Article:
On 16 March 2016, the Chancellor of the Exchequer presented the U.K.’s 2016 Budget Statement,1 which, amongst other things, reiterated some previously-announced measures, tightened some reliefs for certain benefits and pensions, and lowered capital gains tax for disposals made on or after 6 April 2016. In addition, the Budget introduces a “Lifetime ISA” to help individuals save for buying a home and/or retirement.
Finance Bill 2016, which will include the specific detail on measures due to take effect from 6 April 2016, is expected to be published on 24 March 2016, and an update from KPMG LLP (U.K.) will follow shortly thereafter.
The Budget measures, taken together with previously-announced changes, aim to tighten the conditions for some tax reliefs, but there are also some simplifications proposed. This could raise individuals’ tax burdens and thus the costs to employers of international assignees.
However, the changes to the upper threshold for the basic-rate tax band and the rise in personal allowance could serve to slightly lower equalization costs for companies with inbound assignees; for those with larger populations, the cumulative savings may represent a significant saving on total costs. The savings and dividend exemptions, together with the reduction in capital gains tax, may limit the exposure to U.K. tax on the personal income and gains of most assignees.
For individuals on assignment to the United Kingdom where assignees are subject to U.K. taxation, and for assignees working outside the U.K. but still subject to U.K. taxation, international assignment cost projections and budgeting should reflect the changes described in this newsletter once they come into effect.
Generally, the Statement contained measures concerning the taxation of personal income, savings and capital gains, the application of National Insurance Contributions (U.K. social security, known also as “NICs”), and the treatment of termination payments, amongst other measures and plans. We describe the main measures impacting individuals and their employers below.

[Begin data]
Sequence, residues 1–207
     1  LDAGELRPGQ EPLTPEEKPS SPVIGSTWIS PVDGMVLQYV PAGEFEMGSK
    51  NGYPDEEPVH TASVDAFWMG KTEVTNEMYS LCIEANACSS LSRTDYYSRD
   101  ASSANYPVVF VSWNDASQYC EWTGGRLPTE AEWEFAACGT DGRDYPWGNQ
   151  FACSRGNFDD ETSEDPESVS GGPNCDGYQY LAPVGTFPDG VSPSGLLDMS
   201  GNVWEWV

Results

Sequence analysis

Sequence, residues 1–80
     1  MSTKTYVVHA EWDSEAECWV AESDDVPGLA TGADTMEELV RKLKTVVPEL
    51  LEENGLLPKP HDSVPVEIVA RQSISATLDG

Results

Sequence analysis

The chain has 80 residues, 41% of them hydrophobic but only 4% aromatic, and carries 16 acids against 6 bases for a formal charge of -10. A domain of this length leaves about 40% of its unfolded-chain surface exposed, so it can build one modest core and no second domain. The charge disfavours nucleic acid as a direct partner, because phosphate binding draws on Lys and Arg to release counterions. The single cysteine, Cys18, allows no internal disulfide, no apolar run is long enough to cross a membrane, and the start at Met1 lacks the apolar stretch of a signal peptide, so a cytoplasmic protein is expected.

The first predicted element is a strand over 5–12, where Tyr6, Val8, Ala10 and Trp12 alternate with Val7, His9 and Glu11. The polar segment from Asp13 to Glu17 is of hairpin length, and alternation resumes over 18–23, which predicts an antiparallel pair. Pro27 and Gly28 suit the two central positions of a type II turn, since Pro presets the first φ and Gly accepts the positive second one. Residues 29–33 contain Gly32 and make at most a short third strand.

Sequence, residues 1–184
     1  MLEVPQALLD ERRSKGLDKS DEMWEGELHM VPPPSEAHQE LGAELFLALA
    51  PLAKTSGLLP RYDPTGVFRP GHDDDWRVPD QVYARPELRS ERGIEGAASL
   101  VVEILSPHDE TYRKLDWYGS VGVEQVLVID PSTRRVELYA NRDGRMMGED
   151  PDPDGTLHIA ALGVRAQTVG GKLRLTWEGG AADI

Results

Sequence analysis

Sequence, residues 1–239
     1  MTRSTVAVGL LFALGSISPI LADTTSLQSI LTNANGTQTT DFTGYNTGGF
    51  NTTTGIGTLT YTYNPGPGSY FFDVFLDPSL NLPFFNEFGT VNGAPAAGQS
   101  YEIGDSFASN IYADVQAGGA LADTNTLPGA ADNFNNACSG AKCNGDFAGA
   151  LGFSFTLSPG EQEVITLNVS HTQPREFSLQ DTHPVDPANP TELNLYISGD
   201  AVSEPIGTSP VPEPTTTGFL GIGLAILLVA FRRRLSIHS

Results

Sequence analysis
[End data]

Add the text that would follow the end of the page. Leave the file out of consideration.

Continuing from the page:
Following a consultation last year, the government announced that, from April 2018:
Further details will be outlined in the forthcoming technical consultation over the summer.
Any potential withdrawal of FSR would add to the tax complexity around termination of assignees or former assignees, making it necessary to give more consideration to the application of double taxation treaties. Any withdrawal of FSR might also naturally extend to the relief available to lump-sum payments from foreign pension plans.
There was considerable speculation prior to the Budget that the government would remove the use of salary sacrifice arrangements by employers wanting to provide benefits to employees in a tax efficient way. The government has now announced that it is considering limiting the range of benefits which can attract income tax and NIC relief in these circumstances.
The government confirmed, however, that salary sacrifice arrangements for pension saving, child-care, and cycle-to-work arrangements should continue to benefit from income tax and NICs relief, which is welcome news.
In addition to the previously announced changes to the U.K. domicile rules (see GMS Flash Alert 2015-083 (9 July 2015)), Budget 2016 confirms that foreign domiciled individuals (“non-doms”) who become deemed domiciled for all U.K. tax purposes on 6 April 2017 – because they have been U.K. resident for 15 of the past 20 tax years – can treat the cost base of their non-U.K. assets as being the market value on 6 April 2017. Therefore, only the increase in value accruing post 6 April 2017 will be taxed on the arising basis when assets are sold at a profit after this date.
It is not clear whether this will be a one-off rebasing to market value at 6 April 2017 or whether the rebasing date will be linked to when an individual becomes deemed domiciled, if he or she is not deemed domiciled on 6 April 2017.
No changes were announced to the income tax rates and thresholds which were already planned to apply from 6 April 2016 (see Flash Alert 2015-083 (9 July 2015)).
The Chancellor announced in the Budget that the personal allowance will rise again to £11,500 in April 2017. The upper threshold for the basic-rate tax band will also increase further than previously announced (to £33,500 in April 2017). (See the table below.)
|Basic rate||20%||£0 - £31,785||£0 - £32,000||£0 - £33,500|
|Higher rate||40%||£31,786- £150,000||£32,001 - £150,000||£33,501 - £150,000|
|Additional rate||45%||Over £150,000||Over £150,000||Over £150,000|
This will slightly lower equalization costs for inbound assignees; but for those companies with larger populations, the cumulative savings may represent a significant saving on total costs.